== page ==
You are here

Sage-grouse genetics

Date: September 18, 2018

How new research can help protect greater sage-grouse mating areas


Background

Unfortunately, greater sage-grouse are not as easy to find as they used to be. The birds’ population, once estimated at 16 million, is now believed to be less than one million. The population decline is related to their habitat, much of which has been paved over, converted to croplands, degraded by non-native grasses and conifer encroachment, and fragmented by roads and other barriers. Every year, groups of the birds congregate at mating areas called “leks” — areas that are used every year unless they are disrupted. Because of the location-specific nature of their mating process, greater sage-grouse are particularly vulnerable to habitat disruption.

Male and female greater sage-grouse converge on sagebrush mating areas every year (Photo by Rick McEwan, Sage Grouse Initiative).
Male and female greater sage-grouse converge on sagebrush mating areas every year (Photo by Rick McEwan, Sage Grouse Initiative).
Recently published work from scientists at the Rocky Mountain Research Station (RMRS) may help protect the birds’ habitat and their ability to reproduce. The research article, entitled “The genetic network of greater sage-grouse: range-wide identification of keystone hubs of connectivity,” describes how genetic analysis of DNA from greater sage-grouse feather quills can identify and help to map areas of importance in maintaining genetic connectivity. This research can help land managers understand how specific lek locations serve larger geographic areas and to understand the role of genetic connectivity in the birds’ mating process.

This research can help land managers evaluate proposed development or management actions in light of their impact on leks that are important for genetic connectivity — and how restoration or an easement could protect connectivity or reconnect the birds with their leks.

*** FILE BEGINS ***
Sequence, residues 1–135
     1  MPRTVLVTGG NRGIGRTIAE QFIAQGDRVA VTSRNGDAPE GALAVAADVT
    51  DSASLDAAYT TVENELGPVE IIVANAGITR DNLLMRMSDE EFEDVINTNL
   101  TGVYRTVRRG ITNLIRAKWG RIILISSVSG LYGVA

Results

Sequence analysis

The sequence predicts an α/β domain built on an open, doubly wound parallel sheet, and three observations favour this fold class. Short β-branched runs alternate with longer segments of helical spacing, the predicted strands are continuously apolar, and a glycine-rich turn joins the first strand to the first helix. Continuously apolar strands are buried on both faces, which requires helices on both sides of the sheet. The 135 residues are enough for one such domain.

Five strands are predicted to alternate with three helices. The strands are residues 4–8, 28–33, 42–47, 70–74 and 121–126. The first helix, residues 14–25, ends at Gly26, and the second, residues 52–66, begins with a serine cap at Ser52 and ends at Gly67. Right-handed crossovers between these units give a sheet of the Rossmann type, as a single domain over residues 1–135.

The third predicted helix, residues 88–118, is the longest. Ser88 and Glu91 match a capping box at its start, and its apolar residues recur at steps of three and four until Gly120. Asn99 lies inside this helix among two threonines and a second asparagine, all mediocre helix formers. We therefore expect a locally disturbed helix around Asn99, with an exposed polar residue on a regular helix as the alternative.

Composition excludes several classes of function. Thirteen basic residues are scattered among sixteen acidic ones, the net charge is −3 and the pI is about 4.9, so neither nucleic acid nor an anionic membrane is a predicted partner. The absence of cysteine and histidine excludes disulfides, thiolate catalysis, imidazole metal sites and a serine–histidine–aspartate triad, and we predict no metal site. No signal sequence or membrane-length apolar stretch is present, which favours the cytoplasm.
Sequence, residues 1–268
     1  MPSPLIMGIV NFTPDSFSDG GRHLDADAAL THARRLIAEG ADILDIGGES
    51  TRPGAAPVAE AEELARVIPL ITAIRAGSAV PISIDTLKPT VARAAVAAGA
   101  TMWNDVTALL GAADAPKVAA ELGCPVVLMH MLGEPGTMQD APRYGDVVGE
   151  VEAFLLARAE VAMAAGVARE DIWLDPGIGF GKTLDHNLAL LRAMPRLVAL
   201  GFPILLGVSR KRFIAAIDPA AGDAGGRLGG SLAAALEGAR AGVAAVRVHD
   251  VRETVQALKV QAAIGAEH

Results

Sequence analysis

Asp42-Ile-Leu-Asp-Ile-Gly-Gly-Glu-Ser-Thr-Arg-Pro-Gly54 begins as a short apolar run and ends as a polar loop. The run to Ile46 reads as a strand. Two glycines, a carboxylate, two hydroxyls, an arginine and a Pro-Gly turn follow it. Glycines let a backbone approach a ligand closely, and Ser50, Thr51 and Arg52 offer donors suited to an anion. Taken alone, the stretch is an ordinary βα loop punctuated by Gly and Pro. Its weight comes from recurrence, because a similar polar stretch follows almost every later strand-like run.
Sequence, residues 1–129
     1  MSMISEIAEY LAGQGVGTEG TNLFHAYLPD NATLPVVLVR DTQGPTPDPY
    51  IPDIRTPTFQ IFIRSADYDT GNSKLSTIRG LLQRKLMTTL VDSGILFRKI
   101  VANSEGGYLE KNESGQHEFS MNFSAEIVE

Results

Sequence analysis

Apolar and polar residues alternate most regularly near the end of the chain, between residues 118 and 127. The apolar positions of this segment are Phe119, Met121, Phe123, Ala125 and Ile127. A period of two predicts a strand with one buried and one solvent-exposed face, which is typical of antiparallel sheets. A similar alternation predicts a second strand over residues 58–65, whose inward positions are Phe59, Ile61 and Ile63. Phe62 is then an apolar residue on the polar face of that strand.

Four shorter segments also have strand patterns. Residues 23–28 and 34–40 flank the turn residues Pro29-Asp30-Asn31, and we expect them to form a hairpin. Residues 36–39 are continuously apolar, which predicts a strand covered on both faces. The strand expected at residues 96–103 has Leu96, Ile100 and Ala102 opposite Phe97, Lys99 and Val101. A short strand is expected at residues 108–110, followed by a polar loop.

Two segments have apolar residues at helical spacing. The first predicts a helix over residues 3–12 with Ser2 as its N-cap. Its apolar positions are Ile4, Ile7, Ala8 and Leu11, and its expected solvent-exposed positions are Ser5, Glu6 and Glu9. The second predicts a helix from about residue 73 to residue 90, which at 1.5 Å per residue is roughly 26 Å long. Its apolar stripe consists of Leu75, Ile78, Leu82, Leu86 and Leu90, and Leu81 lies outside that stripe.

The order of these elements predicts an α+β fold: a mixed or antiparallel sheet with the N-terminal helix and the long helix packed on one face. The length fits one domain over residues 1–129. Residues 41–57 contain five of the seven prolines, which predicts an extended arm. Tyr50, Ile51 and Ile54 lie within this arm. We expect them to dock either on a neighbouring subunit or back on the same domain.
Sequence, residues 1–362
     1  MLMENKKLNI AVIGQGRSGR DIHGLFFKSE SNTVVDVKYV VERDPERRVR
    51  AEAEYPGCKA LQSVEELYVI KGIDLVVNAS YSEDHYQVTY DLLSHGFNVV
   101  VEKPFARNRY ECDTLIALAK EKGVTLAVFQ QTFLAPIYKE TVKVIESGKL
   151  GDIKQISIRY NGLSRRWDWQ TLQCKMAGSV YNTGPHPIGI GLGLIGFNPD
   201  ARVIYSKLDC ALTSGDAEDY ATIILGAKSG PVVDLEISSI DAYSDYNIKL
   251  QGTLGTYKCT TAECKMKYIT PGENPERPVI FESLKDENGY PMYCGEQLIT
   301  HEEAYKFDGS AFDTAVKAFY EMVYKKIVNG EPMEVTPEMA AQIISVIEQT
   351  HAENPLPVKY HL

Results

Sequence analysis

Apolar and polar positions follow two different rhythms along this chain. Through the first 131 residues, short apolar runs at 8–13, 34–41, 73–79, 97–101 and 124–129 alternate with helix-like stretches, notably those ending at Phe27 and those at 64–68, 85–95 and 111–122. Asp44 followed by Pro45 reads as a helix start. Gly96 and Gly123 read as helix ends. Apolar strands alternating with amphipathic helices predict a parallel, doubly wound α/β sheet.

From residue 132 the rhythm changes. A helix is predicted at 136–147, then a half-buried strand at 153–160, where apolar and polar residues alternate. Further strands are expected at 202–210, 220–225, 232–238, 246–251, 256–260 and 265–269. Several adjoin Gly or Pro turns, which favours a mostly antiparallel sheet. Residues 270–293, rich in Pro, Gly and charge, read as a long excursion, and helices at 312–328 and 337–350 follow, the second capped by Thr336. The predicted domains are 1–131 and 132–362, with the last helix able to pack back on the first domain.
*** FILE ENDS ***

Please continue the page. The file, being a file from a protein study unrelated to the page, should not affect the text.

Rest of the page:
Key Findings

  • Recently published research can help land managers to identify important hubs and pathways of genetic connectivity for greater sage-grouse.
  • This knowledge can be used in evaluating proposed development or management actions in terms of how they could disrupt, protect or restore critical places of conservation for greater sage-grouse habitat.
  • The genetic evaluation technique, combined with mapping technology, can be used to evaluate land management decisions in terms of their effect on more than 350 species that live in North American sagebrush habitat.

Featured Publications

Row, Jeffrey R. ; Doherty, Kevin E. ; Cross, Todd B. ; Schwartz, Michael K. ; Oyler-McCance, Sara ; Naugle, Dave E. ; Knick, Steven T. ; Fedy, Bradley C. , 2018
Cross, Todd B. ; Schwartz, Michael K. ; Naugle, David E. ; Fedy, Brad C. ; Row, Jeffrey R. ; Oyler-McCance, Sara J. , 2018
Cross, Todd B. ; Naugle, David E. ; Carlson, John C. ; Schwartz, Michael K. , 2017


Principal Investigators: 
Forest Service Partners: 
Michael K. Schwartz, USDA Forest Service, National Genomics Center for Wildlife and Fish Conservation, Rocky Mountain Research Station, Missoula, Montana
External Partners: 
David E. Naugle, College of Forestry and Conservation, University of Montana;
Brad C. Fedy, School of Environment, Resources, and Sustainability, University of Waterloo, Canada;
Jeffrey R. Row, School of Environment, Resources, and Sustainability, University of Waterloo, Canada;
Sara J. Oyler-McCance, U.S. Geological Survey;
John C. Carlson, Bureau of Land Management, Montana State Office;
Kevin E. Doherty, U.S. Fish and Wildlife Service;
Steven T. Knick, Forest and Rangeland Ecosystem Science Center, U.S. Geological Survey
Research Location: 
Western United States